ReFED works with investors, innovators, food businesses, and policymakers to implement solutions. As food waste has become a global priority, ReFED has observed “unprecedented growth” in the number of new and innovative products and services that turn wasted food into jobs, hunger relief and environmental benefits.
“While the food recovery hierarchy developed by the Environmental Protection Agency prioritizes food waste prevention, solutions in this category are only beginning to receive significant funding—an exciting development as prevention solutions have the potential to yield the greatest economic and environmental value per dollar invested,” Coari said. “As foundation funding of prevention solutions begins to grow, venture capital and impact investment dollars can also provide vital support to the sector in the years to come.”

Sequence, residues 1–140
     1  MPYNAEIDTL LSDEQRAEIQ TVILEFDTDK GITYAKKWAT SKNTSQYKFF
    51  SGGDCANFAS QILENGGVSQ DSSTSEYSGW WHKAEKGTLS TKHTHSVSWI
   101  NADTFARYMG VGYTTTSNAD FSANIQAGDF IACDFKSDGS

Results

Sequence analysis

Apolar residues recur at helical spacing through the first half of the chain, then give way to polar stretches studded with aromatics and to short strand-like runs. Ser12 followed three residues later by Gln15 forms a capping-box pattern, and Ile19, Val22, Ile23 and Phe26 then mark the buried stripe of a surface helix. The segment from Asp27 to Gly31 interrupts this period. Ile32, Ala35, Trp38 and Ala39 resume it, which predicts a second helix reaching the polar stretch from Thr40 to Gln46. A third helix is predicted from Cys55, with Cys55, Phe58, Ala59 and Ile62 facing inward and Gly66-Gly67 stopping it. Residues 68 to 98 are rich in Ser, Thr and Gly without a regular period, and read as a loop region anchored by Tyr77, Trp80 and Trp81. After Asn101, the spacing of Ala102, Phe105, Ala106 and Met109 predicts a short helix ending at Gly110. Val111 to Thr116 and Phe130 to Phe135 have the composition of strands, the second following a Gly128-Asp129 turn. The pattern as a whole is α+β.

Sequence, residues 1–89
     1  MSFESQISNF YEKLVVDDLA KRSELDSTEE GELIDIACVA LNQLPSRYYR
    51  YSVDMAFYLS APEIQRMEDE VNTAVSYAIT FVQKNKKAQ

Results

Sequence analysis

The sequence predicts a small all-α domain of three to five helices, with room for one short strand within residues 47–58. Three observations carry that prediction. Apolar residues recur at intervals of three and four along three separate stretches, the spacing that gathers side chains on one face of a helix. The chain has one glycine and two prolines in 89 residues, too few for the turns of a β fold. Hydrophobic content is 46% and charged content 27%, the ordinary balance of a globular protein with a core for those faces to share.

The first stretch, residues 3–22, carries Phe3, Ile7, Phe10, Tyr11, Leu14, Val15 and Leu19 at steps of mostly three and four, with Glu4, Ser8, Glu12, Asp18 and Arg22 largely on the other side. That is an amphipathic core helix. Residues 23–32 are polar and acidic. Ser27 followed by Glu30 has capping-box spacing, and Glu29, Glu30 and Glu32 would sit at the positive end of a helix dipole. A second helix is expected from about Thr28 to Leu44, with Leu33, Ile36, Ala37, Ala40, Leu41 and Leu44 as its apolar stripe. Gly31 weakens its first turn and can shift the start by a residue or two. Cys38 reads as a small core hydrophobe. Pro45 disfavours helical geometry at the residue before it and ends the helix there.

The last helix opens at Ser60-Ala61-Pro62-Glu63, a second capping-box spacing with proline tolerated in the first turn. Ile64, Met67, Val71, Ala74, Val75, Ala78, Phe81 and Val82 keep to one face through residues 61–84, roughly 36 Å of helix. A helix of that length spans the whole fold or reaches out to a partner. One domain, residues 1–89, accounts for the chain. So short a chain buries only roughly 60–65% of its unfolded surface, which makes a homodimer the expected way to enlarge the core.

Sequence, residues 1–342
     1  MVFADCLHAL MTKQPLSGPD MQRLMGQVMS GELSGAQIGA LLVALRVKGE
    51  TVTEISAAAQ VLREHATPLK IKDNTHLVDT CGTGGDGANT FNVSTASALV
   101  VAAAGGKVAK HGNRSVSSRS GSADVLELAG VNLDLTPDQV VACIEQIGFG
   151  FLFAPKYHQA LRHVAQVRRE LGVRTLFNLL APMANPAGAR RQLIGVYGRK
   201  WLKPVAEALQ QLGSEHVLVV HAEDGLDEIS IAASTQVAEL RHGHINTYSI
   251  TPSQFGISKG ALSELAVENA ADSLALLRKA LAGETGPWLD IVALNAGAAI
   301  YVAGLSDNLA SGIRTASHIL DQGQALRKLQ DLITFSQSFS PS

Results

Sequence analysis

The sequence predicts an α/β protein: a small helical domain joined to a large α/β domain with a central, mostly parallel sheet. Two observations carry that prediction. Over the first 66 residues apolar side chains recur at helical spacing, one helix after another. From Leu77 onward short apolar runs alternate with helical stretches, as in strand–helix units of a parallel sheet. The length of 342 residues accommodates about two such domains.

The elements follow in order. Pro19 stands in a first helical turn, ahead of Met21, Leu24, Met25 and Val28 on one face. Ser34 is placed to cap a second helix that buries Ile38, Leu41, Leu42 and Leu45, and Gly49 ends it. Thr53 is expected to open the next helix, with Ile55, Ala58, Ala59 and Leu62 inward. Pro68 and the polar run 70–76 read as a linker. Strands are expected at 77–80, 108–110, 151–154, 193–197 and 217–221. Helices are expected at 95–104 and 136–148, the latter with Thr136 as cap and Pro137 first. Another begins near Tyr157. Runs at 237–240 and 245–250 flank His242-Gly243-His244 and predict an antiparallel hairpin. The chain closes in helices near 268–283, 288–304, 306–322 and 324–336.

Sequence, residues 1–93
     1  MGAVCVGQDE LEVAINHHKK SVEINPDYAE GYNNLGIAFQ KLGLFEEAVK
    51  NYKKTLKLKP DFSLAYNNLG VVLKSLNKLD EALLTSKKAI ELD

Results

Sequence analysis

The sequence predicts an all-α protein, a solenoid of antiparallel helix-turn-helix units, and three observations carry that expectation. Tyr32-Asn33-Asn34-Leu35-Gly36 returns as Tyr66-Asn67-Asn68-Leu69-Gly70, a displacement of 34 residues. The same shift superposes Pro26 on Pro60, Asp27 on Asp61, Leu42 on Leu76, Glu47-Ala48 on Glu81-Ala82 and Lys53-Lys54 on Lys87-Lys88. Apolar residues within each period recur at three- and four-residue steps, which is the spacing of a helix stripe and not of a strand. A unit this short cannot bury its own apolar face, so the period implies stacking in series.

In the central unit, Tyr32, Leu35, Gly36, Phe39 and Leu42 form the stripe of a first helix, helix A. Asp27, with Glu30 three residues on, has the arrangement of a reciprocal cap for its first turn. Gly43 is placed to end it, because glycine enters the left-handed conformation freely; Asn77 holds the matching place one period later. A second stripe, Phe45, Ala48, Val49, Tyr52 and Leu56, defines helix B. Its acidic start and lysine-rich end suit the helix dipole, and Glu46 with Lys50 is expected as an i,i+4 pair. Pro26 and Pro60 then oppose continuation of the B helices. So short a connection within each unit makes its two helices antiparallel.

“The capital & innovation team, who authored the report, serves as the leading source of data and insights on food waste related activity and runs unique programs aimed at catalyzing the more than $18 billion investment needed to create $100 billion in societal economic value,” Alexandria Coari, ReFED’s capital & innovation director, told AgFunderNews.
As well as collecting data and insights around the space, ReFED also acts as a strategic advisor to the Kroger Co Foundation’s $10 million Zero Hunger/Zero Waste Innovation Fund, manages 450+ food waste solution providers in a living innovator database, facilitates innovation demo days and workshops, and leads a food waste funder initiative.